A new decision once again highlights the dangers that companies face if their independent contractors engage in conduct that violates the Telephone Consumer Protection Act, and highlights the need to monitor contractor compliance with the TCPA. In City Select Auto Sales, Inc. v. David/Randall Assocs., Inc., a federal court in New Jersey recently found a roofing company, David/Randall Associates, liable for $22.4 million under the TCPA for the actions of its blast fax solutions provider, Business to Business Solutions (B2B). The plaintiff had alleged that the roofer and its president were liable for the transmission of fax advertisements 44,832 times to 29,113 different fax numbers by its independent contractor, B2B, without obtaining the prior express invitation or permission of the recipients and without including an FCC-required opt-out notice.
In granting summary judgment against David/Randall, the court held that the roofer itself was a “sender” of the faxes under the TCPA and rejected its argument that it could not be held vicariously liable under the TCPA for conduct of its fax provider, B2B. The court noted that FCC decisions allow a plaintiff to recover damages under a theory of direct liability from a defendant who itself transmitted no faxes, but where its independent contractor did. The court found that consistent with the “binding definition” of “sender” in the FCC’s TCPA regulations, the transmitted faxes constituted “an unsolicited facsimile advertisement promoting the defendant’s goods or services.” The court, however, denied summary judgment against the roofer’s president, finding that the record presented factual disputes concerning his personal involvement in the dissemination of the faxes.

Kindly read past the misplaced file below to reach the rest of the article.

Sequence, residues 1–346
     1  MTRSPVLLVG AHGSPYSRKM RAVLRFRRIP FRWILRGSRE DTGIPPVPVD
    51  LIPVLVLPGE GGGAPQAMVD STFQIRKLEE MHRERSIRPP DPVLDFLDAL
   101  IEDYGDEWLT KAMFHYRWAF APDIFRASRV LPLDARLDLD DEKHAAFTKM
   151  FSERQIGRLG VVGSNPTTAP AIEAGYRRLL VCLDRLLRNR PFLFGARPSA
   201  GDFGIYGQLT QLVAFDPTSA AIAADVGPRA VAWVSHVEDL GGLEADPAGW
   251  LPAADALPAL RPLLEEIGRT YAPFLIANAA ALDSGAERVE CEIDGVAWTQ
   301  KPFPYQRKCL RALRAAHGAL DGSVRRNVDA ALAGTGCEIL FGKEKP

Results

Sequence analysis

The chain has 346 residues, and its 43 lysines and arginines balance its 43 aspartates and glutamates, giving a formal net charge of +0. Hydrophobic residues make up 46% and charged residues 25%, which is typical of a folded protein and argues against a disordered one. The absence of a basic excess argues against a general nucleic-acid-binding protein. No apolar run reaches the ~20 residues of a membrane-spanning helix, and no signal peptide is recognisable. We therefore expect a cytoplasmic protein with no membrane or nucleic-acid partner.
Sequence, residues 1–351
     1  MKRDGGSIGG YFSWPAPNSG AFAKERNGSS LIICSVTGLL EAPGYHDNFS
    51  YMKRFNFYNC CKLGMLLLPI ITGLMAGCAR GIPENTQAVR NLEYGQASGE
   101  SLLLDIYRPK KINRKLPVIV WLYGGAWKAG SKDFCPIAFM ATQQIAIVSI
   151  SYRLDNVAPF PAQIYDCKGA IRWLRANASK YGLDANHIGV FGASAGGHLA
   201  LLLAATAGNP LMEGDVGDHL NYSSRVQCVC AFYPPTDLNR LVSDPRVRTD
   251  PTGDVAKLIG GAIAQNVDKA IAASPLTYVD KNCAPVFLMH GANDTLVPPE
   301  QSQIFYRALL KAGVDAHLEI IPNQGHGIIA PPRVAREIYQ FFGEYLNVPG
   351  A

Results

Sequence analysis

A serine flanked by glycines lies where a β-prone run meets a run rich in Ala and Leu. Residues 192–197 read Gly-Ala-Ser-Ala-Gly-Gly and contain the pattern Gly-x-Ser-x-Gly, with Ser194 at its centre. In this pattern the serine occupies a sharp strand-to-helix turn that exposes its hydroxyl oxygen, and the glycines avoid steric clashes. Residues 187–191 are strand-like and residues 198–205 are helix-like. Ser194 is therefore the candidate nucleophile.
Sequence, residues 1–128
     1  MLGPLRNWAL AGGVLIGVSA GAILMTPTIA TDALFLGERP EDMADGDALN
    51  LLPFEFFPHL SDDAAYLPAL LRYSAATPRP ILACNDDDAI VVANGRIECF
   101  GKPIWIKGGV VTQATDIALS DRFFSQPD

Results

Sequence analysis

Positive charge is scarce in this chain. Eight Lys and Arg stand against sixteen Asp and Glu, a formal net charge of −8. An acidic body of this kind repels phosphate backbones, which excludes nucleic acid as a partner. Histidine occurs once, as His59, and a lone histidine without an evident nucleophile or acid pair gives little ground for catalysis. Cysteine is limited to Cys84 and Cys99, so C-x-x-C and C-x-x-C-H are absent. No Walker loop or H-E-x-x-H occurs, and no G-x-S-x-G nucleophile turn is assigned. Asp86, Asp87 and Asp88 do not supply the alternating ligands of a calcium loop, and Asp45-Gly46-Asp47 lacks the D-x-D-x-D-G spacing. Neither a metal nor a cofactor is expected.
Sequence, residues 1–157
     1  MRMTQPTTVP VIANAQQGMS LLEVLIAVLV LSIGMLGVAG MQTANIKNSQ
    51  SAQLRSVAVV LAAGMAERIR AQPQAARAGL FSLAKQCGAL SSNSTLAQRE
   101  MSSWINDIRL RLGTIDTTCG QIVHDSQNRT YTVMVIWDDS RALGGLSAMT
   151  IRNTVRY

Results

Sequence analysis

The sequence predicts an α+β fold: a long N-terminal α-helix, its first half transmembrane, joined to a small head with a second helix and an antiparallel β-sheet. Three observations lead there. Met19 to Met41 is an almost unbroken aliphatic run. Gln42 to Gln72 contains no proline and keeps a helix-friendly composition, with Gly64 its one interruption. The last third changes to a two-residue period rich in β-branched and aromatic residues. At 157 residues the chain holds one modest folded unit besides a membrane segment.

This case once again shows the potentially severe damages that can be imposed under the FCC’s interpretation of who is a fax “sender” under the TCPA, and also highlights the different standards for vicarious liability for fax and call/text activity under the TCPA. Under the definition of “sender” applicable to faxes, liability can be imposed even absent any direct involvement in sending the facsimile at issue, as well as in the absence of a principal-agent relationship, which as the FCC found in In Re DISH Network, LLC, may be required to support vicarious liability for call/text activity.
Although in this case an employee of David/Randall gave some direction to B2B as to the composition of distribution lists, the court did not rely on this direct involvement to conclude that David/Randall was liable. Instead, the court simply concluded that because David/Randall hired B2B to develop and conduct a fax advertising campaign on its behalf, the roofer constituted a “sender” of the disputed faxes under the TCPA as a matter of law.